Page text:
"It's not that mutants can't die. It's that they come back. If only it were that easy."
Written by Leah Williams
Art by David Baldeon and Israel Silva
Lettering by Joe Caramagna
Published by Marvel Comics
'Rama Rating: 8 out of 10
Northstar has "resurrection problems" and a new X-Factor Investigations team rises to meet them in Leah Williams and David Baldeon's new debut. Torn by the psychic shock of his twin Aurora's death, Jean-Paul Beaubier has questions for the resurrection team known as the Five — namely, why haven't they done anything about his sister's death and when will she be resurrected. Thus begins Leah Williams' deep dive into the Resurrection Protocols, the building and work of this new X-Factor team, and how they now fit into Krakoan society.
Though a lot of this first issue is laying out a metric ton of exposition, Williams' new take on X-Factor — a canny mix of the first Peter David 'government' X-Factor as well as his subsequent Multiple Man-led noir take on the team — is very interesting, as is her exploration of the Five and the Quiet Council's "rules and regulations" regarding resurrection. Couple this rich narrative potential with her wry, self-aware takes on Polaris, Northstar, and Daken (the team's self-proclaimed "enforcer") along with the expressive artwork of David Baldeon and Israel Silva, and you have a brand new X-Factor that is ready for business.
Leah Williams has to burn through a lot of dialogue in order to thread the book's central mystery and high concept, as not only does Northstar and company need to solve the mystery of his sister's whereabouts, but also the log-jamming of the Five, who require strict proof of death before resurrecting any fallen mutants. Thankfully a lot of it is given a theatrical pop by the expressive pencils of Baldeon and the rich colors of Silva. Williams also further jazzes up these expository exchanges with fun discoveries of team interactions (Daken and Prodigy are standouts) and wry characterizations. Particularly great is Williams' interpretation of Rachel Summers, who functions more like a put-upon wine aunt here, and Polaris, who is seeking a life beyond the shadow of her famous father.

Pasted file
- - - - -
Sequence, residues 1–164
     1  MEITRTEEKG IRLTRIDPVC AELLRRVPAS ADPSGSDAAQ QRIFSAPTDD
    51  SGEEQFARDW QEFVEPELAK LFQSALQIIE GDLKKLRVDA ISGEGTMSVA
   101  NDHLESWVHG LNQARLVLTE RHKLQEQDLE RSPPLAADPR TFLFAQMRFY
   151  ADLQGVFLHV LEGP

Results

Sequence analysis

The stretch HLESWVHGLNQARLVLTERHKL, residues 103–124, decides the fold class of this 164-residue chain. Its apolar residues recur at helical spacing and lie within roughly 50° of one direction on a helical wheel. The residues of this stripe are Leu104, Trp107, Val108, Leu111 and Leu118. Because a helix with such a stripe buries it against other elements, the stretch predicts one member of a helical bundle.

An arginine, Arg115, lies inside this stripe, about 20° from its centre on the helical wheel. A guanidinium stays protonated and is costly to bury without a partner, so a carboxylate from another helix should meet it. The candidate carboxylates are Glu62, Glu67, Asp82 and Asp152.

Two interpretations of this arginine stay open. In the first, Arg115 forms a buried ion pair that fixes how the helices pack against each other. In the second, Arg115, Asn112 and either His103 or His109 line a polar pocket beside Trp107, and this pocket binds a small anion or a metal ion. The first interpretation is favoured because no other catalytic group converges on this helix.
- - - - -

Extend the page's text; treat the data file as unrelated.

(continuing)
I would even argue that this amount of exposition is necessary and vital to the success of this new X-Factor, even if the investigation goes to some grim places, which Willams and the art team absolutely push. Not only does this establishment of the hard-and-fast rules of the Five and how they could benefit from a new X-Factor enrich the 'Dawn of X' line as a whole, but explicitly establishes how this new team functions in the overall paradigm of Krakoa. Just know you will have to get through a lot of dialogue to get there, but Williams and her takes on these cult-favorite characters are absolutely worth the time and effort.
X-Factor #1 also looks quite a bit different than the rest of the 'Dawn of X' efforts so far. More akin to the theatricality of Excalibur than the action-heavy X-Men or X-Force, David Baldeon and Israel Silva lean into the more noirish and mystery-based flavors of previous X-Factors. This keeps a lot of the action of this opening issue fairly grounded, especially once the team starts to work the crime scene of Aurora's last known location. But thanks to Baldeon and Silva's broader takes on the character's expressions like Rachel's slight sneer and Polaris' stony, yet sweet support of Northstar and showy displays of the team's powers X-Factor #1 has just enough style to nicely undercut the heavier substances of the opening issue.
Thanks to a keener understanding of the Five's process and an explicit story reason for the new incarnation to exist, X-Factor #1 stands as a substantial and impressive opening issue. Though a bit exposition-heavy and light on set pieces, Leah Williams, David Baldeon, and Israel Silva look deep into the new state of mutant death and give us a team just broken (and fun) enough to stand the sight. The road back to Krakoa might not be easy, but X-Factor is here to try and make sure every mutant — even the currently dead ones — has a home.